July 31, 2023

US iGaming growth shows shift to digital gambling

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US iGaming growth shows shift to digital gambling

According to the American Gaming Association (AGA) commercial gaming growth slowed down in May for the fourth consecutive month in a row. The total gross gaming revenue (GGR) increased year-on-year by 6,4% in May. The total GGR came in at $5.49 billion. Looking at the first five months of the year the total GGR is up by 12,4% to a total of $27.59 billion.

Although these numbers look very promising they actually represent a slowing down in growth of the American gambling sector. The first month of the year was a very strong one with a growth of over 20% year-on-year.

Strong month for sports betting and iGaming

Although the overall growth numbers are slowing down sports betting and iGaming did very well in May. This is in line with a trend we have seen in the last few months.

The sports betting GGR increased with a whopping 41,5% in May to a total of $864 million. iGaming also showed very good numbers, there was a 22,4% uplift in GGR to a total of $498 million.

Looking at the first months of the year then we can see sports betting revenues has been really strong. During the five month period sports betting have shown a 64,9% growth. iGaming also did well, but not as good. iGaming GGR growth came in at 22,3% during the first five months of the year.

The most gaming revenue in May was brought in by slots, which showed a small growth number of 1,3% up to $2.98 billion. For the whole year slots GGR up is now 5.1% compared to the 2022 numbers.

Table games revenue was the only niche where revenue dropped in May, by 4.8% to a total of $834.3 million. For the full year the revenue is still up by 1.9% year-on-year. With this number the table games niche is the vertical with the lowest growth rate.

Shift to digital gambling

All numbers from the AGA show a strong ongoing shift towards digital gambling. While revenue from land-based venues dropped by 0.6% in May, online gambling GGR grew by a whopping 43.4%.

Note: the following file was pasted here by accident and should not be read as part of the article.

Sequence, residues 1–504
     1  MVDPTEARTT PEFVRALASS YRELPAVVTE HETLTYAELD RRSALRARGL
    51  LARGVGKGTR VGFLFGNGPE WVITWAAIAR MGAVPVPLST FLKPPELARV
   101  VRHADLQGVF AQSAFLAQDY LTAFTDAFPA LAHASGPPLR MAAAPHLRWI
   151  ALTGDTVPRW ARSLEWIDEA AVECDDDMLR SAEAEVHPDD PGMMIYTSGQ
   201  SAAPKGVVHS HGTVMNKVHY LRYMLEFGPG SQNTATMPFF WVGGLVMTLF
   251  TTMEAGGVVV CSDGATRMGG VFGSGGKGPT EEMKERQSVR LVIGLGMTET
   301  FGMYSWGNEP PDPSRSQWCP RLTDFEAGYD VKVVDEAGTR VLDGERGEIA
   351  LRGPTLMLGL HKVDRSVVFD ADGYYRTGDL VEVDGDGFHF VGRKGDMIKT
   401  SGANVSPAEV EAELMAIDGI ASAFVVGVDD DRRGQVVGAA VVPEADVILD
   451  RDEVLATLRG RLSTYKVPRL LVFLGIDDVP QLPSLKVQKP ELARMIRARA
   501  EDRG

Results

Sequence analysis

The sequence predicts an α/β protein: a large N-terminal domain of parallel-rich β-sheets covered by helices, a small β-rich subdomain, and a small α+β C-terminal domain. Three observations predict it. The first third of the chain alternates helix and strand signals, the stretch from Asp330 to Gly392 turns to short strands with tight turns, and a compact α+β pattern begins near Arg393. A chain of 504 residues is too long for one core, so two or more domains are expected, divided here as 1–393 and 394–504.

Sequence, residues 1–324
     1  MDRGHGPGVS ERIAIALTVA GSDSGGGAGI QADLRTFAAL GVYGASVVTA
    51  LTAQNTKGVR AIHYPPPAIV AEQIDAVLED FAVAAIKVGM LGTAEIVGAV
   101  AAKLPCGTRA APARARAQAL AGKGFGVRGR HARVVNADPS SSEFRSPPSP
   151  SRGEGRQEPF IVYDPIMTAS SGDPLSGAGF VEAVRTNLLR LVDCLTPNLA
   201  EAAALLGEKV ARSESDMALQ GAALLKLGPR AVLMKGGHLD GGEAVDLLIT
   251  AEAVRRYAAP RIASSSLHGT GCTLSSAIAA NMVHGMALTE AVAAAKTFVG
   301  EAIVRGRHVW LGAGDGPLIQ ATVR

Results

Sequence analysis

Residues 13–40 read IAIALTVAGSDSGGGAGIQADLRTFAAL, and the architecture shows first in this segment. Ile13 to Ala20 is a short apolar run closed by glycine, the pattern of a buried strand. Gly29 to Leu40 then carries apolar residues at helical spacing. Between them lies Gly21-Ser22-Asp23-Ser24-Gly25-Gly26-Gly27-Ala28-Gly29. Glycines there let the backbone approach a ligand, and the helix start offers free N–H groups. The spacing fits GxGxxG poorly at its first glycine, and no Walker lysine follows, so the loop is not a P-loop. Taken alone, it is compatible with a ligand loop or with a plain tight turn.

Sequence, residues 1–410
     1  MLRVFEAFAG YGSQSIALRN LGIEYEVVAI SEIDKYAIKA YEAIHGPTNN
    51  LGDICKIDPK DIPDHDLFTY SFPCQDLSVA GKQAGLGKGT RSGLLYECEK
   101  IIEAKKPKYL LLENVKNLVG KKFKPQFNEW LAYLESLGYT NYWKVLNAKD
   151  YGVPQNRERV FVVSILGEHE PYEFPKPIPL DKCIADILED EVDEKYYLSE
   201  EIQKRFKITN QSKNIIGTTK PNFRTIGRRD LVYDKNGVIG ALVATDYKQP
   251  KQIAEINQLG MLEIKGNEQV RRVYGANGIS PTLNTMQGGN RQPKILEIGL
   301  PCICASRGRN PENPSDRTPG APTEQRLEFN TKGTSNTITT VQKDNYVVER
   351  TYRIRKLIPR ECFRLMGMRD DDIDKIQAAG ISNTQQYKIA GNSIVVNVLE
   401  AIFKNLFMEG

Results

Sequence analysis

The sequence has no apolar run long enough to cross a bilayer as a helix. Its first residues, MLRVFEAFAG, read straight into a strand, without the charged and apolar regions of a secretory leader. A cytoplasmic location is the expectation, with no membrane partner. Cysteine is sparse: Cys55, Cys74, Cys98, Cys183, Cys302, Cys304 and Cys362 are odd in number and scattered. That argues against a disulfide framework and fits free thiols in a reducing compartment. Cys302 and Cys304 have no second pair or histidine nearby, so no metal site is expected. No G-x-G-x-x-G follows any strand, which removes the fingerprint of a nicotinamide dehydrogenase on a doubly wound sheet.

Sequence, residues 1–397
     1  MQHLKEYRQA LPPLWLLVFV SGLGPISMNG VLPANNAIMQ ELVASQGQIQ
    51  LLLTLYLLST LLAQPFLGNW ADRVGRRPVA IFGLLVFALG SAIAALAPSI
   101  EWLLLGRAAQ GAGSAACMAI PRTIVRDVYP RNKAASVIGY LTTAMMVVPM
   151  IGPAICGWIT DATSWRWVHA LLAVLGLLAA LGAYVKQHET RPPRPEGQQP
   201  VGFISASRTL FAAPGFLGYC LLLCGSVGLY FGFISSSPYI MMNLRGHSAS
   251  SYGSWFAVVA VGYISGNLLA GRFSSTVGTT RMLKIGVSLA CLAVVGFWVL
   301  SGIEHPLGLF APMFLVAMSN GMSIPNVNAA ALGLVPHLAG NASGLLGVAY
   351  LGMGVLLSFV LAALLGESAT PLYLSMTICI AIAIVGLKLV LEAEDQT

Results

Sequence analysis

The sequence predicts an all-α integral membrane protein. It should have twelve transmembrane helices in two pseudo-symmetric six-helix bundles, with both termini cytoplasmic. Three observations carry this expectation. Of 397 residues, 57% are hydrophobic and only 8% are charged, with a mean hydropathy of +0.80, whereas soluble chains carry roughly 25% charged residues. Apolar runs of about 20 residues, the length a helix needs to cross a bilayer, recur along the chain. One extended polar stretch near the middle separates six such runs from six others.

US iGaming growth shows shift to digital gambling

Part of the increase was probably caused by the launch of online sports betting in Kansas, Maryland, Massachusetts, and Ohio. Both Massachusetts and Ohio already came in as two of the top five highest grossing sports betting states in May with revenues of $62 million and $58 million.

Even without the revenue from new sports betting markets and online expansion, sports betting revenue was up by 24,2% compared to May 2022.

New York remains King

New York stayed the biggest sports betting market in the US in May. The state recently reported a big growth number year-on-year. Sports betting revenue was up 7.9% up to a total of $1.36 billion compared to May 2022, although it was down 11.7% compared to April. The GGR in May was the lowest amount since September 2022. This was mainly due to a low amount of big sports betting events.

Fanduel remained the biggest name in New York, with a total of $76 million in revenue in May. Other big players where DraftKings ($47.7 m), Caesars ($13.9 m), BetMGM ($8.9m), and Rush Street Interactive ($3.2 m).

Behind New York, Illinois and New Jersey sports betting also did really well revenue-wise. Illinois reported a total revenue of $89 million and New Jersey brought in a total revenue of $82 million.

Corona-sparked growth numbers seem to slow down

The overall figures of the AGA show that the ‘’corona-sparked growth’’ of gambling revenues seems to have slowed down. Although this is the case 24 out of the 33 commercial gaming jurisdictions reported a year-on-year revenue uplift.

A total of 9 states reported a decline in gambling revenue. This decline was mainly caused by lower revenues in the traditional casino segment as well as less sports betting revenue.

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